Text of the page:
MINNEAPOLIS (WCCO) — Volunteering always ranks right up there when it comes to New Year’s resolutions. Here in Minnesota, it’s a place where we excel. Almost 38 percent of Minnesotans give money or time — ranking the Land of 10,000 Lakes second in the country.
On New Year’s Day, several people kicked off 2014 by serving dinner at Minneapolis’ People Serving People.
“I just went on the people serving people website and there were a couple of spots open and I said this sounds fun,” said Ariella Deprenger-Gottfried, of Minneapolis.
“My New Year’s resolution is that as a family, we’re going to try to give more of our time,” said Jennifer Winterer, of Hastings.
While Minnesota ranks second among states, Minneapolis-St. Paul ranks first among large cities.
“I think it has a lot to do with our family values,” said Kristin Scherrer, executive director of HandsOn Twin Cities. “Many Minnesotans who lived here or grew up here, it’s part of who they are and how they were raised.”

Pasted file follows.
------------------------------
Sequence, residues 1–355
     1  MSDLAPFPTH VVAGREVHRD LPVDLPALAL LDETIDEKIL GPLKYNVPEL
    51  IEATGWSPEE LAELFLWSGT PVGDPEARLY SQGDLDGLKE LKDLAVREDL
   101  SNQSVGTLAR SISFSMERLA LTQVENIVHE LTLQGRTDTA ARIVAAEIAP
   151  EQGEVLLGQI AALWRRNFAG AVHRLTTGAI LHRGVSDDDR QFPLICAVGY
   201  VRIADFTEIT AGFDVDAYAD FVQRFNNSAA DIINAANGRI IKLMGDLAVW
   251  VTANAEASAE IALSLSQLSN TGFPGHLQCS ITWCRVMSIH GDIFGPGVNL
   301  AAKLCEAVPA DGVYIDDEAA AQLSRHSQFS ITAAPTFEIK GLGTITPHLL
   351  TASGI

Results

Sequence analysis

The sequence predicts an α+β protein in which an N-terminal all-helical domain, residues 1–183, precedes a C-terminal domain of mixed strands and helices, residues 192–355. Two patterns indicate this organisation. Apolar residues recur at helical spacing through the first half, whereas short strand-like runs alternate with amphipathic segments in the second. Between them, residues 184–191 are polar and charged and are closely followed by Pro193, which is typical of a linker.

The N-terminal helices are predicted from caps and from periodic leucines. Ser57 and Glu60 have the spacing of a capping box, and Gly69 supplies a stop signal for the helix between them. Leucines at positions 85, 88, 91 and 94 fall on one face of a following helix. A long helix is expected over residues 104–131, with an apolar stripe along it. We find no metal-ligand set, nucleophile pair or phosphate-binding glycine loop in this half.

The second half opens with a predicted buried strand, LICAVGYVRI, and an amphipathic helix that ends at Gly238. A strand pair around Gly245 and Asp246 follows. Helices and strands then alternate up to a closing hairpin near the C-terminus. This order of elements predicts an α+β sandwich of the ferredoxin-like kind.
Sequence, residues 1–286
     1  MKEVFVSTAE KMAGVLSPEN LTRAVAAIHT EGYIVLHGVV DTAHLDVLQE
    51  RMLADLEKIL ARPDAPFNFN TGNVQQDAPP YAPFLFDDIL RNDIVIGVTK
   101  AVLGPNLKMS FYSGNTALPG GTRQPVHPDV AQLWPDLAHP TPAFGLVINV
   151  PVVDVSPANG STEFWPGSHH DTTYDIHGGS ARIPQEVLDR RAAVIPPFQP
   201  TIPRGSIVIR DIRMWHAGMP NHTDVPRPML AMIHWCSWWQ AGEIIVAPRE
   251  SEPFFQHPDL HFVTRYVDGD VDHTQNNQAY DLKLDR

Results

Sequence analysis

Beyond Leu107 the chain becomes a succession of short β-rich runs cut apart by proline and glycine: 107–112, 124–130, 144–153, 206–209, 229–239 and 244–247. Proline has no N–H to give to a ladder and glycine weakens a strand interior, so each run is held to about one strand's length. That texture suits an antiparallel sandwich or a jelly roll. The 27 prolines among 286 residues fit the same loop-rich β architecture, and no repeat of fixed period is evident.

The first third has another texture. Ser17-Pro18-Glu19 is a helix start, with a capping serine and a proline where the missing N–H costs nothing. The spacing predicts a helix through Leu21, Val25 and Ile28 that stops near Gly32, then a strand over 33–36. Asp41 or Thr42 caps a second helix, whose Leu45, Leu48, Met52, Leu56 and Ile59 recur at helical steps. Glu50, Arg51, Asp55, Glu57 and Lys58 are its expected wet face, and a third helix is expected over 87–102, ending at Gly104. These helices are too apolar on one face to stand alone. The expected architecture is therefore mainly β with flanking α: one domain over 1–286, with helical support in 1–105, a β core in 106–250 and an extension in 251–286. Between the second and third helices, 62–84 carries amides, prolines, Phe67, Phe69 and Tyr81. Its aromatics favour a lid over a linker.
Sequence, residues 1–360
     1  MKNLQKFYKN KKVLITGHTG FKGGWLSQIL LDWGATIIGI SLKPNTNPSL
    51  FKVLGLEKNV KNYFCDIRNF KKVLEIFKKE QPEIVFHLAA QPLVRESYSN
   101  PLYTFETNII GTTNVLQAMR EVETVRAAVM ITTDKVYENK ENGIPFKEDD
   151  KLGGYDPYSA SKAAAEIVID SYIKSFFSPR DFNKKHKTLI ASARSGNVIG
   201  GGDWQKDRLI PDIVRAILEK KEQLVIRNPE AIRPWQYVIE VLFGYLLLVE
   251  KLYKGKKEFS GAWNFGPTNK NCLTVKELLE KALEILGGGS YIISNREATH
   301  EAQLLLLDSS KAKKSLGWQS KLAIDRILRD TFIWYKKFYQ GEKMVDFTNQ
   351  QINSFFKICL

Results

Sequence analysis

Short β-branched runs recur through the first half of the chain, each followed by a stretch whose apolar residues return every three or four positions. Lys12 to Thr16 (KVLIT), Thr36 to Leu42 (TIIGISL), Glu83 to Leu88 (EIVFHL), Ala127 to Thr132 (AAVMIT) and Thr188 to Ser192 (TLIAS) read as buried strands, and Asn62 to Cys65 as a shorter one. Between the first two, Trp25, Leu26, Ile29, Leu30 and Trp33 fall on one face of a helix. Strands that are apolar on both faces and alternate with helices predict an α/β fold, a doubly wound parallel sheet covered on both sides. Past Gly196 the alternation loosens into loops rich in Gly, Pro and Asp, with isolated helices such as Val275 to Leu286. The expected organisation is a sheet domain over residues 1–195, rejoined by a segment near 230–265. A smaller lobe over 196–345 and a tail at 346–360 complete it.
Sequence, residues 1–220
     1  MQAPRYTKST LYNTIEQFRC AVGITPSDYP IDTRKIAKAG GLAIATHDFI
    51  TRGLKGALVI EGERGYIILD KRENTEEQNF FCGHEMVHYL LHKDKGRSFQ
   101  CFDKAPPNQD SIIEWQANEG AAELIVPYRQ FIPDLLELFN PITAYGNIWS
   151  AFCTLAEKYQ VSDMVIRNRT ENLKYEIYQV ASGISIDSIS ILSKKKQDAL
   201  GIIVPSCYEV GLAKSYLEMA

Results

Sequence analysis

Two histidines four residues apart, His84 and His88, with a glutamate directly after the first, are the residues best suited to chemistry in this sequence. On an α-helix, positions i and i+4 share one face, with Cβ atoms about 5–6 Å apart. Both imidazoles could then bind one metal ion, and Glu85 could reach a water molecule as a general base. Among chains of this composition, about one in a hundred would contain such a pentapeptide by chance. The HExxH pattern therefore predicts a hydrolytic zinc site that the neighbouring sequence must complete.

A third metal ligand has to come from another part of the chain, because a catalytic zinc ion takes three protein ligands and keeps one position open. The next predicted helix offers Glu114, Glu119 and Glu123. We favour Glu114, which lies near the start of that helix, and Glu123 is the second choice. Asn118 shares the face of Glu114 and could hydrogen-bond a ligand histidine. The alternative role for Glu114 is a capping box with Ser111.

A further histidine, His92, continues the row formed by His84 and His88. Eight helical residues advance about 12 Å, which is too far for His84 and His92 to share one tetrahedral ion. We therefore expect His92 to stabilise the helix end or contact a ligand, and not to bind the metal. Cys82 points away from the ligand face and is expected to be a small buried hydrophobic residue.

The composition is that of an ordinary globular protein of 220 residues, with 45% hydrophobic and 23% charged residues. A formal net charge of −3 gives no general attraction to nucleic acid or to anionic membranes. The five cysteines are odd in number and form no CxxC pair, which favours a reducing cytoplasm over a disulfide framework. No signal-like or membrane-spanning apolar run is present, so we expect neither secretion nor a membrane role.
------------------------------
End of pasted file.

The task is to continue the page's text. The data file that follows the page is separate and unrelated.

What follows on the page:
According to the Corporation for National and Community Service, the top Minnesota activities for volunteering are collecting/distributing food (28 percent), fundraising (27 percent), general labor (23 percent), professional/management (18 percent) and tutoring/teaching (18 percent).
The Bureau of Labor Statistics reports, nationwide, more women (30 percent) than men (23 percent) volunteer. Married people (32 percent) volunteer more often than single people (21 percent). People between the ages of 35 to 44 are the most likely age group to give and people with more education volunteer higher rates – especially through teaching and professional advice.
“I see a big push for youth to volunteer,” Scherrer said. “The schools are encouraging people and some schools now have it as a requirement.”
She also says more companies are getting their employees involved by giving them work time off to volunteer.
Religious organizations are, by far, the top way for people to get involved. They make up 38 percent of Minnesota volunteers.
“There’s a reason Utah is number one in volunteering,” said Scherrer. “It does, a lot of the time, come from your faith-based institution.”
Education comes next, followed by social services, health, civic organizations and sports.